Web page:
What should I know about asbestos work hazards?
The term "asbestos" is the commercial name that defines six different kinds of fibrous minerals. These minerals are extremely useful in industrial and commercial applications because they are easy to find in nature, they are resistant to thermal and chemical degradation, have a high tensile strength, have fire retardant properties and more.
Unfortunately, however, asbestos minerals are extremely dangerous to humans when inhaled. The fibrous nature of asbestos causes serious problems in the lungs of workers who inhale it. People who are exposed to asbestos on the job can develop deadly diseases like lung cancer, asbestosis and mesothelioma.
It is not merely a theory that asbestos causes deadly diseases; it is a scientifically confirmed fact. Doctors and toxicology experts agree: There is no safe level of exposure to asbestos. Anyone works in and around the substance must take numerous precautions, including wearing special breathing masks, special clothing and the implementing special ventilation equipment to prevent worker contamination.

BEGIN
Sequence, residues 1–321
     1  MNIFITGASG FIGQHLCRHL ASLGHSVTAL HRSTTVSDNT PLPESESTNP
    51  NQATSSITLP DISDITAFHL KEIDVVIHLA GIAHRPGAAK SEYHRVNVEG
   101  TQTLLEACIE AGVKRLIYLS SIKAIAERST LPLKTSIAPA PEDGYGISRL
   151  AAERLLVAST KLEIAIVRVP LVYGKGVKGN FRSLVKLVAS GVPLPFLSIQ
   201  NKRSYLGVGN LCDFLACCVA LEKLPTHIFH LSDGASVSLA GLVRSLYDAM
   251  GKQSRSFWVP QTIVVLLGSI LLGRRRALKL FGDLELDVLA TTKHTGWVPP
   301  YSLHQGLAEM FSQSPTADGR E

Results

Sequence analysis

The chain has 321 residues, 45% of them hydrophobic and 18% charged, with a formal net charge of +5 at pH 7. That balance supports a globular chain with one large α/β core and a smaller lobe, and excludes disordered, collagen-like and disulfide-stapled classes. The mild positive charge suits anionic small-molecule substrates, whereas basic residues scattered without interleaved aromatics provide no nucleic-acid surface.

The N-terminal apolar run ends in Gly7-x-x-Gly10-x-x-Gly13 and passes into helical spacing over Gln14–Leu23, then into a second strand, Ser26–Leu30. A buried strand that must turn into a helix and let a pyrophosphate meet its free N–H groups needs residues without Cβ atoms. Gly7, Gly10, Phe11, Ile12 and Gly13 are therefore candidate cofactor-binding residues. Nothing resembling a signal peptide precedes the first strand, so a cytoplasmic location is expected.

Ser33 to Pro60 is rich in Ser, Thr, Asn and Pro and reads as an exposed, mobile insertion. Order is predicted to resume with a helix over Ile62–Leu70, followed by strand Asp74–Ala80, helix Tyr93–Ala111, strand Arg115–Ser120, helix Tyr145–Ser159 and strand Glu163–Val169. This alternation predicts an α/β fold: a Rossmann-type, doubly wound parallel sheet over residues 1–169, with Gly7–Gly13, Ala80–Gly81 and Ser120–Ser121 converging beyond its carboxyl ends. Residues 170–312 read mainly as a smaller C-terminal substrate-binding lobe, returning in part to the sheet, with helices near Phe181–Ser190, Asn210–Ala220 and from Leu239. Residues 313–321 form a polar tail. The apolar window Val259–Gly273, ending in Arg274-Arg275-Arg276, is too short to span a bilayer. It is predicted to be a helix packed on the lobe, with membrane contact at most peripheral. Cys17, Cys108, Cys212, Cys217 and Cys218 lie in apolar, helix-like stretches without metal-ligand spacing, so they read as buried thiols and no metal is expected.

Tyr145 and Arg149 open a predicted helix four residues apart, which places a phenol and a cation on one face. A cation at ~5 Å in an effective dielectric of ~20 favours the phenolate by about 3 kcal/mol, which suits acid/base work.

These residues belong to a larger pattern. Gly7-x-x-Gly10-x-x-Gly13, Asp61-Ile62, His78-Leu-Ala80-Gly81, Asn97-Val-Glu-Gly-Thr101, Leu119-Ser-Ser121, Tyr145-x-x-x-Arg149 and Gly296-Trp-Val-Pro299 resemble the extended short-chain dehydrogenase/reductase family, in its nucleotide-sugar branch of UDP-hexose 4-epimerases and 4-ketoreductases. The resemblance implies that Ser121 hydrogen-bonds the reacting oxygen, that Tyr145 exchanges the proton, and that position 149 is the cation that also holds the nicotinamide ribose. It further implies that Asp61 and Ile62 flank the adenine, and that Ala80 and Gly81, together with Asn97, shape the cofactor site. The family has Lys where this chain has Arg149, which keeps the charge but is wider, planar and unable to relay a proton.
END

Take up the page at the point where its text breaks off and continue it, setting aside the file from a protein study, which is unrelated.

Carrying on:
In spite of the dangers of asbestos, and in spite of the fact that numerous countries around the world have banned the substance, it is still used in a variety of industrial and commercial applications in the United States today. Furthermore, there are numerous old construction buildings that are full of asbestos because of its former popularity as a fire retardant in walls and insulation. For this reason, construction workers completing jobs in old buildings are particularly at risk for contamination.
If you or your loved one is suffering from asbestosis, mesothelioma or lung cancer after having worked in an asbestos contaminated work environment, the situation may warrant the pursuit of a workers' compensation claim. By speaking with a qualified workers' compensation attorney, Maryland residents can determine the best strategy for obtaining the benefits they deserve.